In the motorcycle business, press junkets can have a predictability to them. Fly to the location of the press introduction, get transported to a luxury hotel/resort, and attend a welcoming dinner complete with gourmet food and all the alcohol you can drink (or want to drink the day before a ride on an unfamiliar bike). The next morning you gather in groups (typically a “slow” group and a “fast” group) after listening to a technical presentation about the new machine. The groups are then led on a ride covering a variety of roads, from straight highways to tight, twisty canyons. After 140 miles, or so (my PR before this trip was 265 miles in a single day at a press intro), it is back to the hotel for a shower and another “farewell” dinner at a fine restaurant. End of story.
Kawasaki invited me to ride from its Irvine, California headquarters to the small Northern California town of Calistoga to attend a round of the AMA Flat Track National championships at the Calistoga Half-Mile venue. It was an opportunity to do something different. Very different.
I would be riding a bike I was already familiar with, Kawasaki’s luxury touring cruiser, the Vulcan 1700 Voyager. Although I had enough miles on the Voyager that nothing came as a particular surprise from a riding perspective, I didn’t have significant time using the Voyager for one of its intended purposes, i.e., riding two-up with a passenger and 60 pounds, or so, of luggage.
I arranged with Kawasaki to take my wife Kim along on the trip. It seems I had forgotten how much a woman packs for a four-day outing, but I resigned myself to the possibility that I might be limited to a single pair of clean underwear. That is, until we arrived at Kawasaki and watched the saddle bags and trunk devour quite a bit more than we had anticipated. In the end, Kim was able to take everything she wanted (“needed” is another issue), and I had everything I normally pack for a press trip of similar length. After adding 16 psi to the adjustable rear shocks to handle the extra load, we were on our way.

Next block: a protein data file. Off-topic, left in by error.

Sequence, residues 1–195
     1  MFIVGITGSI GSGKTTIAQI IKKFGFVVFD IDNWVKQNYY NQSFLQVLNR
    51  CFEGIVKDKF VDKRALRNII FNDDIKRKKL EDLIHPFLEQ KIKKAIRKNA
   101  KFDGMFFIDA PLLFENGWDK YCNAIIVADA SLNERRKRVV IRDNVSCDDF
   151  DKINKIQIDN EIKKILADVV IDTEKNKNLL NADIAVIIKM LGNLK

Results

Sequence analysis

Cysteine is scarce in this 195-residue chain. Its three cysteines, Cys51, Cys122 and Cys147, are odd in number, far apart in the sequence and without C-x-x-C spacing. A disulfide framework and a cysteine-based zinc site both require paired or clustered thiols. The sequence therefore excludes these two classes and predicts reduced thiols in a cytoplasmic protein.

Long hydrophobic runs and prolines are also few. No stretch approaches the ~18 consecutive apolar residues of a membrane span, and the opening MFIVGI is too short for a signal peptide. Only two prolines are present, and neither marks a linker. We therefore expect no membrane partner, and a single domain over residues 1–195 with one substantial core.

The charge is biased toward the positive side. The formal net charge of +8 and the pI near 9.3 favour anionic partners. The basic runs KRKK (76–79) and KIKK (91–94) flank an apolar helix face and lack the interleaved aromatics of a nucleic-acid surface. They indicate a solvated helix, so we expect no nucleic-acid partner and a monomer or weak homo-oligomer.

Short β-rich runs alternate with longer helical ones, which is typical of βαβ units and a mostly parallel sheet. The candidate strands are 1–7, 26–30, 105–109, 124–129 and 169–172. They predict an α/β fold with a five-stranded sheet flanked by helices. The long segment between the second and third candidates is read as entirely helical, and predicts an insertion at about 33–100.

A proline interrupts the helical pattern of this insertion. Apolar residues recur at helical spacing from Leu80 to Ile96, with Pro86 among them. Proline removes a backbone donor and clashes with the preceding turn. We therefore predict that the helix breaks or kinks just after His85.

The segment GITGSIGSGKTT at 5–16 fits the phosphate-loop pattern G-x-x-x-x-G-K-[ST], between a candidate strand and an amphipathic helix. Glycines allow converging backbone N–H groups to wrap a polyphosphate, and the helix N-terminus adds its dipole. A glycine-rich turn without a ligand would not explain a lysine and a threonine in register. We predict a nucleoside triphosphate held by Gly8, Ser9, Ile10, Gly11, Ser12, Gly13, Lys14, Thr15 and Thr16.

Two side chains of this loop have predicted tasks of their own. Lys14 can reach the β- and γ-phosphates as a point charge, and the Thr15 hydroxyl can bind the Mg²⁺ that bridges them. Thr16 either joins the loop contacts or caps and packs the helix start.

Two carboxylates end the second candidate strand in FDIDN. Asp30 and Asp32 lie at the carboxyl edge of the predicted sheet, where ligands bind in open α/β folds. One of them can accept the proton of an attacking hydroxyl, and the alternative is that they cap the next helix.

Departing in late July, I was looking forward to avoiding the typical California summer heat by traveling north along the coast. Somewhat to my surprise, Kawasaki immediately led us inland, heading over the I-5 grapevine toward the central valley. Since I hadn’t bothered to look at the route map, I was pleasantly surprised when the group was led off the grapevine and onto Highway 95. We were very quickly surrounded by relatively lush, green forest, as opposed to the drab, brown ground cover found on Highway I-5 during the summer. The temperature began to drop to a more tolerable level, and the tarmac got narrower and twistier. Things started to get fun.
Riding two-up with a full load of luggage on this big bike takes some getting used to. Parking lot speeds and stop-and-go traffic present some challenges for the rider as the decidedly top-heavy arrangement (with an adult passenger and full saddlebags and trunk present).
The added air pressure in the rear shocks may not have helped low speed stability, but they certainly helped the bike turn in quicker once we were moving. After finding my rhythm on the big Voyager, despite moving more than 1,000 pounds of motorcycle, human flesh and luggage, the twisties became a blast.
Traveling through Highway 33 and then on to Highway 58, the heat seems to spike up again, but you can sense the approaching coastline and cooler, moister air. It is on Highway 58 where a faster group breaks off the front to push the pace about as much as we dare on these big bikes, but the Voyager responds very well. The superb linked braking system, coupled with reasonable ground clearance for a cruiser of this sort, and loads of low-end grunt off the corners, result in a sizeable gap developing between our front group and some of the other riders.
Kim, meanwhile, is following all of those rules a passenger should follow by leaning with me into the bends and staying relaxed. Both of us find the seating accommodations well suited for a long trip, with the passenger perch (complete with back rest) quite a departure from the experience on the back end of most motorcycles. Both rider and passenger have large floorboards mounted in a manner to largely eliminate vibration reaching your feet. Kim was so comfortable, she confessed that she fell asleep at one point (not recommended) on Day 2 of the trip. More about that below.